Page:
Thursday 12 September 2013

Hernö: like gin, but more so

A rare bottle of Hernö Juniper Cask Gin, with a cask in the
background (the real ones are much bigger)
I went to the launch of a new gin on Monday, from Hernö in Sweden, proudly the northernmost distillery in the world (is this good?). Mrs H. rolled her eyes when she heard. “Another gin?” she said. “Surely we’re all ginned out now?”

It certainly seems that each new gin must have to fight its corner to get noticed, but what we’re also seeing is exploration into new types of gin. Not very long ago few people would have heard of Old Tom gin, the sweeter style that predated London Dry, but launching your own version seems to be the latest fad. Then there is navy strength* gin, with several of those launching recently. And also aged gin.

The gin we were launching on Monday, at the bijou Charlotte’s Bistro in Chiswick, fell into this last category. Hernö take their normal gin blend and age it, for just 30 days, in barrels made, not from oak as might be normal, but from juniper wood.

I’d not had the pleasure of sampling Hernö gin before. Their standard product, Swedish Excellence, comes in at 40.5% ABV. In their own 250-litre copper pot still at their distillery in the village of Dala near Härnösand, they distil it twice (presumably starting with commercial neutral spirit), first to make a vodka, getting the character from the interaction with the copper, then the second time to make the gin. Before this second distillation the botanicals are macerated, for varying amounts of time. The juniper and coriander are in there for 18 hours, but the fresh lemon peel, which master distiller Jon Hillgren explains he cuts himself from lemons bought at the local shop, is added just before distilling. The botanicals, which are all organic, also include cassia bark, black peppercorns, meadowsweet, lingonberries and vanilla.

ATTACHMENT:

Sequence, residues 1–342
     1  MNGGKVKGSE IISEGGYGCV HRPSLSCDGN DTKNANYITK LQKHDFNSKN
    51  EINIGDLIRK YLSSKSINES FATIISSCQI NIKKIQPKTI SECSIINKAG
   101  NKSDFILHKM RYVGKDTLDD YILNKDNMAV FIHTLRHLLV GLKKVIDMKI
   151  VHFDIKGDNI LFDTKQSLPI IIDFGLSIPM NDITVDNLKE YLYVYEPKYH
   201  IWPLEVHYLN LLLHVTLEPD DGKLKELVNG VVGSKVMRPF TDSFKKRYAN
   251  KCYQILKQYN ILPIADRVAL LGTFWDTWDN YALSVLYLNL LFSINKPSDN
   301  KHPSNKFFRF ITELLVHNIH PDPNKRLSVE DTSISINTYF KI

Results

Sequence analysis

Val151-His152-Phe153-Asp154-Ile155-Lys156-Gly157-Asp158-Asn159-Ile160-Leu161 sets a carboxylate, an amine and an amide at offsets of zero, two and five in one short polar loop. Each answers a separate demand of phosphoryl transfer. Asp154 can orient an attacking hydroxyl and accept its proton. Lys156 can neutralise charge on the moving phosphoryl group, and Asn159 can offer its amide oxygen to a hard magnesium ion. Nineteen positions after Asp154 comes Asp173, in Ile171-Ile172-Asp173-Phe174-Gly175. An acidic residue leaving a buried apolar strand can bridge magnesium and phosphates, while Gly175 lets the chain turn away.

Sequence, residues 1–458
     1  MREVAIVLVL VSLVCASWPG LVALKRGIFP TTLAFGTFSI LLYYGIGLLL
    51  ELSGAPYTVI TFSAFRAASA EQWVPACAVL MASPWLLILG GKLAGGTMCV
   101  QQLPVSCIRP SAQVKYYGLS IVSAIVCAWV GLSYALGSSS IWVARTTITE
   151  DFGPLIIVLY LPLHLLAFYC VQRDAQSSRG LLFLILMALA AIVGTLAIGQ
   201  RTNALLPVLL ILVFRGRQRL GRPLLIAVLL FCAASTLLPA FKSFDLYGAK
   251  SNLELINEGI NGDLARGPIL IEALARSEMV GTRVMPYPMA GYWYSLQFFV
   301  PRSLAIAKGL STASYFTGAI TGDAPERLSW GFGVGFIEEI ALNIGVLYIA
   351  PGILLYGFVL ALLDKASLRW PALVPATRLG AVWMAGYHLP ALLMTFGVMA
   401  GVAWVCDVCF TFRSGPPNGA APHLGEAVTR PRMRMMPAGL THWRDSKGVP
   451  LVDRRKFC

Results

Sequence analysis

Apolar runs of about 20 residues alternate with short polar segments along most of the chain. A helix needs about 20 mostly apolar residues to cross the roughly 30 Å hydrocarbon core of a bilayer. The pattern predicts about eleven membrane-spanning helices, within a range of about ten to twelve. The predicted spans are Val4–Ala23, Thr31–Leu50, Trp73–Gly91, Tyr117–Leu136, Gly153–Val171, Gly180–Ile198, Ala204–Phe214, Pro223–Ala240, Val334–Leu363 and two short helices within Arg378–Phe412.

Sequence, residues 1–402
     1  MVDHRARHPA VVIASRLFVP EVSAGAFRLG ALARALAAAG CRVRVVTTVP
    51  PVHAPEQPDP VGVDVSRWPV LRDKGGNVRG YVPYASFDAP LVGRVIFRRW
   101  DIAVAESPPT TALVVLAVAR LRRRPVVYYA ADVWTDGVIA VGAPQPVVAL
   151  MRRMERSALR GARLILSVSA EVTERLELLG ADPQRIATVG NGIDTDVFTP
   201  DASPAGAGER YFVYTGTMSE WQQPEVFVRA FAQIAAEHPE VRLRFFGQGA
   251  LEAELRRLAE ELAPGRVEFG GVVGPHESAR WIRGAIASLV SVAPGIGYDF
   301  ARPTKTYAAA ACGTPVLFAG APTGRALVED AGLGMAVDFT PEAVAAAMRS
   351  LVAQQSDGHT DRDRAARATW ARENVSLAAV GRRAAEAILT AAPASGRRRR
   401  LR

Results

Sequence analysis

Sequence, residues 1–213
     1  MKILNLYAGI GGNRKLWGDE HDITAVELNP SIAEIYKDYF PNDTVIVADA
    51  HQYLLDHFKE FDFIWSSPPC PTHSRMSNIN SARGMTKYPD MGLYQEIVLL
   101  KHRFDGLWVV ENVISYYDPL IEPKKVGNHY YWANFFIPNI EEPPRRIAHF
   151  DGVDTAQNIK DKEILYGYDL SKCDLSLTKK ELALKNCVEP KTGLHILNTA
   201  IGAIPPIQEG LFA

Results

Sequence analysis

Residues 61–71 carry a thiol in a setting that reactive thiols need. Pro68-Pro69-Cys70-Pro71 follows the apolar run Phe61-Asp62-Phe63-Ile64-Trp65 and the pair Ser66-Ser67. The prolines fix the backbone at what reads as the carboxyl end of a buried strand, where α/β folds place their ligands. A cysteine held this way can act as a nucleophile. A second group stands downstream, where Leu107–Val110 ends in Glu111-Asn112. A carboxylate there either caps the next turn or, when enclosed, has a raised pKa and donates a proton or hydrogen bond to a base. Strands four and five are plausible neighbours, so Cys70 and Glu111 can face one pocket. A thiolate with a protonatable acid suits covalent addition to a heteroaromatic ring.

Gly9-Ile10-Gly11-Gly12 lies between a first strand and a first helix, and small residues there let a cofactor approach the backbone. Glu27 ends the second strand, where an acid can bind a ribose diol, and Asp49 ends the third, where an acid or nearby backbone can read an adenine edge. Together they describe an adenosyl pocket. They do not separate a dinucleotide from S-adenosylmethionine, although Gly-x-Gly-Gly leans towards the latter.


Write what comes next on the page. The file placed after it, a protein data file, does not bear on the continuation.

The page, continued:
DBS enjoying some Hernö. He's also a
fan—in fact they quote his tasting notes
in their brochure and on the website
I like a gin that fundamentally tastes of gin, and I’m immediately taken by Hernö. Big, aromatic juniper hits you first and bright, fresh citrus, but you can also clearly pick out the cassia and black pepper. It seems stronger than 40.5%, perhaps because the pepper gives a subtle bite.

There is also a Hernö Navy Strength, which is exactly the same gin but bottled at 57% (the water for dilution comes from their own well and there is no chill-filtering), and I’m even more taken by it. At this strength the vanilla comes through more strongly but you can still pick out the other ingredients; the residue in an empty glass develops a strong cassia character. Somehow they have made a very elegant gin, with some modern twists to an essentially classic profile. Where other gins might throw many more botanicals at the problem (or maybe fewer) and end up with a homogenised, one-dimensional taste, Hernö doesn’t take the flavour profile in any terribly whacky directions, but somehow manages to have a 3D vividness to the flavours that are there, yet deft and polished, without any sharp edges. It is gin, but more so.